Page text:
CrimeImmigrationPoliticsCaliforniaCarlos Eduardo Arevalo CarranzaEl SalvadorICEillegal alienMurderSanctuary CitySanctuary State
Gang member in country illegally arrested in womans slaying
SAN JOSE — Santa Clara County officials are firing back at critics who say their policy of not notifying immigration authorities when undocumented immigrants are released from their jails led to the release of a homicide suspect who had nine detention orders issued against him.
The suspect Carlos Eduardo Arevalo-Carranza, 24, is suspected of stabbing to death Bambi Larson, 59, in her South San Jose home last month. On Tuesday, San Jose Mayor Sam Liccardo criticized the county’s policy of “ignoring requests” by the Immigration and Customs Enforcement that inmates about to be released be held until they are picked up by ICE. But county officials said on Wednesday that federal authorities, not they, were to blame for Arevalo-Carranza’s release.
ICE should’ve gotten a warrant here. They could’ve gotten a warrant here, said County Counsel James R. Williams, at a press conference late Wednesday afternoon. And the county’s practice has always been to honor warrants that are issued.
The disclosure Tuesday that Arevalo-Carranza is in the United States illegally, and that the county jail ignored six requests by immigration authorities to turn him over — Los Angeles County received three other detention requests from ICE — has renewed criticism that sanctuary policies allow serious and violent criminals to slip through the cracks.
Garcia also revealed that ICE had applied nine times for a detainer on Carranza, a move which allows suspects to be held longer than their prison term so their immigration status can be investigated by federal officials.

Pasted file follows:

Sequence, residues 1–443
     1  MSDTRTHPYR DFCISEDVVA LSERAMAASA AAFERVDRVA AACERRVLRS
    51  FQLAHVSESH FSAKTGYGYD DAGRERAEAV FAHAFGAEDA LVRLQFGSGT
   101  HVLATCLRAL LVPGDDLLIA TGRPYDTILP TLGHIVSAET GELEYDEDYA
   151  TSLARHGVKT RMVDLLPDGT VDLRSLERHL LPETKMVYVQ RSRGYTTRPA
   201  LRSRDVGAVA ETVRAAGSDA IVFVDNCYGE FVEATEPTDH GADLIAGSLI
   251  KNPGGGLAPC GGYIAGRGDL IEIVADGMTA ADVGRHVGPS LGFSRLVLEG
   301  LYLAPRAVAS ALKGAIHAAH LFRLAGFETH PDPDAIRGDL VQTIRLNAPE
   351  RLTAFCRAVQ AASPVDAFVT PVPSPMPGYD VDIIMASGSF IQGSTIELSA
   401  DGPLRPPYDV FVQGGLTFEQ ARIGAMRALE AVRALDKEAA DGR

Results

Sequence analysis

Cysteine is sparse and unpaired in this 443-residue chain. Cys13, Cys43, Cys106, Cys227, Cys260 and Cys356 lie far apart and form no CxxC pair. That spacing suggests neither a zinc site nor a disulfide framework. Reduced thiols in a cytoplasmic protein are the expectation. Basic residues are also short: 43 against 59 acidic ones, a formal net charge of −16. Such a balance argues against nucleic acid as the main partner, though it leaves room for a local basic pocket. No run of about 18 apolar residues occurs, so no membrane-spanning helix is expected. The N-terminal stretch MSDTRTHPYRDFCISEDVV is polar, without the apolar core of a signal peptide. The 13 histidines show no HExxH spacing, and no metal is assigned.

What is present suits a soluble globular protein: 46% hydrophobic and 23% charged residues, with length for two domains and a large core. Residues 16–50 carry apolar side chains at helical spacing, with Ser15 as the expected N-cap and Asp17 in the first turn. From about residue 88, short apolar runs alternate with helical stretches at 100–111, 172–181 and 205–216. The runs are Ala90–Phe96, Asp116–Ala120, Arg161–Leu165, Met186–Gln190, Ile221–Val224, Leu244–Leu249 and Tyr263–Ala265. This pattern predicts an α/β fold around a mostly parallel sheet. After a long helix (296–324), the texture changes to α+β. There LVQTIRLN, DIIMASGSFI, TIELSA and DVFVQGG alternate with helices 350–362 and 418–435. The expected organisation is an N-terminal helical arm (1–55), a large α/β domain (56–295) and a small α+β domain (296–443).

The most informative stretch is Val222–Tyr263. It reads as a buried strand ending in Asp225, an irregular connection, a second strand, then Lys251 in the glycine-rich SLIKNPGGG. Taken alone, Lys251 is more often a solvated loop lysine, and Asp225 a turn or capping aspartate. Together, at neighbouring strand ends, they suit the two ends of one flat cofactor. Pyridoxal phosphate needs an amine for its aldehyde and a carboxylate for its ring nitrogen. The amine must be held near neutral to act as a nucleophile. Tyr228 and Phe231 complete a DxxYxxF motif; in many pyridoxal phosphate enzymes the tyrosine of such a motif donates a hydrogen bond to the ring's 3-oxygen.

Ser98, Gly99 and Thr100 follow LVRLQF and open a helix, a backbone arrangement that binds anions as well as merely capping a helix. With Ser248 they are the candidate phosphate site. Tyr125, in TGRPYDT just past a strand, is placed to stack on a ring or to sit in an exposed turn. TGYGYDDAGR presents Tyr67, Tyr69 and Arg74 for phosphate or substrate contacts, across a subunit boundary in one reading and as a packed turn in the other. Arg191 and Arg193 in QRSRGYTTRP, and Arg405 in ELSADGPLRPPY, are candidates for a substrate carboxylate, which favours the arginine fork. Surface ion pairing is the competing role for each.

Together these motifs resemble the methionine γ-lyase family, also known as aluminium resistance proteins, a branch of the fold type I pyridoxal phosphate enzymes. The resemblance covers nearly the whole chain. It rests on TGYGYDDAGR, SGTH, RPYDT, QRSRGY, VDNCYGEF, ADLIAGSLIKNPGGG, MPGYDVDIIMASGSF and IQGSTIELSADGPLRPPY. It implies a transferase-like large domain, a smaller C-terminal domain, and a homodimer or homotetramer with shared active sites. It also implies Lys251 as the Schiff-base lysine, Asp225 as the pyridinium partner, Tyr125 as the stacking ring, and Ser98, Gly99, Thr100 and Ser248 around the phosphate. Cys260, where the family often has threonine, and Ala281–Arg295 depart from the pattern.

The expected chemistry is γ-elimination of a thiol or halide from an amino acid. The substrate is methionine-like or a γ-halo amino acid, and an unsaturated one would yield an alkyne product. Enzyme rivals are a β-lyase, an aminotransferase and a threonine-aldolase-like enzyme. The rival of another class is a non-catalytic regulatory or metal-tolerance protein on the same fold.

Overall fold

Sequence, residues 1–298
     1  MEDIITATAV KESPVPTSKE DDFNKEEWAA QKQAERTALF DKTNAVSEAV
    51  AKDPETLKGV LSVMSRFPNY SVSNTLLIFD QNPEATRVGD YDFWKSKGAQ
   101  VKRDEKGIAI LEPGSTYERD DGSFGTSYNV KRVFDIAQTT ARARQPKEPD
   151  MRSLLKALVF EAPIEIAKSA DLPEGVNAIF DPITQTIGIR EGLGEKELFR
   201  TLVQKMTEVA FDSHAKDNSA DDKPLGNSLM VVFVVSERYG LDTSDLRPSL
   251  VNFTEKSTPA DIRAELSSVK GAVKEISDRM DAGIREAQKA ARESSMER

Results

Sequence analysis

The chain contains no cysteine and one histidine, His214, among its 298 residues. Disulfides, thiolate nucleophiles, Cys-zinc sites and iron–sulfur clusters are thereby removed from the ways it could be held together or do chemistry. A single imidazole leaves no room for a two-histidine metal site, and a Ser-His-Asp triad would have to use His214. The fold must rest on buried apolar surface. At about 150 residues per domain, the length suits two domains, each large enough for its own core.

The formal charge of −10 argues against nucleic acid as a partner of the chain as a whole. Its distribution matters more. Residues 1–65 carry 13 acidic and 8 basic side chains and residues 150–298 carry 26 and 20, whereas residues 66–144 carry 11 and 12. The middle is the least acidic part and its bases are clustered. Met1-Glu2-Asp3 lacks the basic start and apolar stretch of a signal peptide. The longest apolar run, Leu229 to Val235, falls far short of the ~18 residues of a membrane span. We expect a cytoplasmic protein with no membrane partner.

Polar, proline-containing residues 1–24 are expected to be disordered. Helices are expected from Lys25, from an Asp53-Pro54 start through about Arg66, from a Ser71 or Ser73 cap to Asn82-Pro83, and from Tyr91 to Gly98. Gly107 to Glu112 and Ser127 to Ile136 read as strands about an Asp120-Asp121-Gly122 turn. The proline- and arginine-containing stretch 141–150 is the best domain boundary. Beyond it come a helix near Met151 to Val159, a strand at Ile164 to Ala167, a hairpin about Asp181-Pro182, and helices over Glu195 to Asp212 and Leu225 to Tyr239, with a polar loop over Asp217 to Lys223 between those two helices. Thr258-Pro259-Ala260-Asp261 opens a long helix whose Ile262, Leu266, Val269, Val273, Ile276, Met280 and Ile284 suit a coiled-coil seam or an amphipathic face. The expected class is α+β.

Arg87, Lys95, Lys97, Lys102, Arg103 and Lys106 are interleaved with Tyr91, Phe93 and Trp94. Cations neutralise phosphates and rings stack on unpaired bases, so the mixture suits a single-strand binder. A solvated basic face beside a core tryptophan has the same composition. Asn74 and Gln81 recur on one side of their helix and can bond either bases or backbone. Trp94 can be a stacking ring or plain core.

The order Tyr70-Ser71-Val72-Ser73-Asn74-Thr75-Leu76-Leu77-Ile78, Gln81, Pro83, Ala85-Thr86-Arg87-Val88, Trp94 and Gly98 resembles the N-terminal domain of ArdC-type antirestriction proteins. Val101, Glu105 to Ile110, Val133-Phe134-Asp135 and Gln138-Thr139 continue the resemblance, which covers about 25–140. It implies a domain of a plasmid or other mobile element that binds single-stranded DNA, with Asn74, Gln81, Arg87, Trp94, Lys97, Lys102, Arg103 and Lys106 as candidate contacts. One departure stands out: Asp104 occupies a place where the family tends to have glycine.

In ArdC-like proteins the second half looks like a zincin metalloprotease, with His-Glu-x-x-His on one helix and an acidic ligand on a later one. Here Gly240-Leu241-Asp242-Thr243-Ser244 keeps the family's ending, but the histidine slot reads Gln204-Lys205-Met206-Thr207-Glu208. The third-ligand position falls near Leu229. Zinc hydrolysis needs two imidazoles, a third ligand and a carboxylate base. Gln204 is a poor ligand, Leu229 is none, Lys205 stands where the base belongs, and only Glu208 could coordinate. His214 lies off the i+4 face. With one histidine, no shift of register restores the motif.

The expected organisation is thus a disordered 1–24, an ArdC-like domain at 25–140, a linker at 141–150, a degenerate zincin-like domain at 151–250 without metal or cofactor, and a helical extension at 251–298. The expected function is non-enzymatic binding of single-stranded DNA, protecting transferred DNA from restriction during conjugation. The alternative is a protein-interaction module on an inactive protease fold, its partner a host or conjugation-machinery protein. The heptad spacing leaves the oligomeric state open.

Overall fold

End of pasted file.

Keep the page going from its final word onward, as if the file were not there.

Police arrested Arevalo-Carranza on Monday in connection to Larson’s killing. Larson’s body was found in her home on Knollfield Way on the afternoon of Feb. 28.
Our society must recognize theres a difference between someone who is trying to make ends meet for their family, and a self-admitted gang member, a monster who brutally murders an innocent woman in her own home.
ICE confirmed Tuesday that Arevalo-Carranza entered the United States illegally in 2013 and had been held at jails in Los Angeles and Santa Clara counties on a number of prior convictions, including drug charges, burglary and one felony false imprisonment charge in 2016.
San Jose Police Chief Eddie Garcia on Tuesday criticized the countys practice of not notifying ICE as a policy to shield admitted gangsters or violent criminals. In a statement on Tuesday, Liccardo said the county’s policy of “ignoring” immigration detainers undermines public safety and violates common sense.” On Wednesday, however, he said that was referring to the fact that the county should notify authorities when they are going to release someone from their custody.
Immigration officials ask local agencies for civil detainers, a voluntary request for local jails to hold a person after their release date until immigration officials can come detain them.
According to officials with ICE, between October and November 2016, the agency requested three times that Arevalo-Carranza be detained at the Los Angeles Police Department’s central jail, none of which were fulfilled. From June 2016 to January 2019, the agency also asked Santa Clara County to hold him six times, according to ICE.
In recent years, federal courts have ruled that holding people beyond their normal release dates, without warrants from ICE, is unconstitutional and a violation of peoples right to due process. Californias sanctuary law, which went into effect in January 2018 and which curtails how local law enforcement can work with immigration authorities, also prohibits such ‘detainers.”
Williams said if the agency wanted to apprehend Arevalo-Carranza, it should have obtained a warrant, which the county would have honored.
Liccardo said in an interview Wednesday that county officials can still honor detention requests by notifying ICE when they are going to release an individual from jail.